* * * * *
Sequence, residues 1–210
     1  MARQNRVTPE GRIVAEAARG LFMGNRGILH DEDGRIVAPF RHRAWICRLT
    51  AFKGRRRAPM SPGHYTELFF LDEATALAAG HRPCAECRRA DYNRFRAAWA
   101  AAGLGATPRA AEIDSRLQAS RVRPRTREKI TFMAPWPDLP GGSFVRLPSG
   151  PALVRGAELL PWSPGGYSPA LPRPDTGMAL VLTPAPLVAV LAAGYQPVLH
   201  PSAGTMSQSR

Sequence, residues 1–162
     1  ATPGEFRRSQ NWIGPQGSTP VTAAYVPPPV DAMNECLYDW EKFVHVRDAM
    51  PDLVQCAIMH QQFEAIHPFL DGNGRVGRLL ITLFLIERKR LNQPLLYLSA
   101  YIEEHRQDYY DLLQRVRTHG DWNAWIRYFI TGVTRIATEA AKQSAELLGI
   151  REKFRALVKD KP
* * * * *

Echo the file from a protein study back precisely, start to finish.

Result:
Sequence, residues 1–210
     1  MARQNRVTPE GRIVAEAARG LFMGNRGILH DEDGRIVAPF RHRAWICRLT
    51  AFKGRRRAPM SPGHYTELFF LDEATALAAG HRPCAECRRA DYNRFRAAWA
   101  AAGLGATPRA AEIDSRLQAS RVRPRTREKI TFMAPWPDLP GGSFVRLPSG
   151  PALVRGAELL PWSPGGYSPA LPRPDTGMAL VLTPAPLVAV LAAGYQPVLH
   201  PSAGTMSQSR

Sequence, residues 1–162
     1  ATPGEFRRSQ NWIGPQGSTP VTAAYVPPPV DAMNECLYDW EKFVHVRDAM
    51  PDLVQCAIMH QQFEAIHPFL DGNGRVGRLL ITLFLIERKR LNQPLLYLSA
   101  YIEEHRQDYY DLLQRVRTHG DWNAWIRYFI TGVTRIATEA AKQSAELLGI
   151  REKFRALVKD KP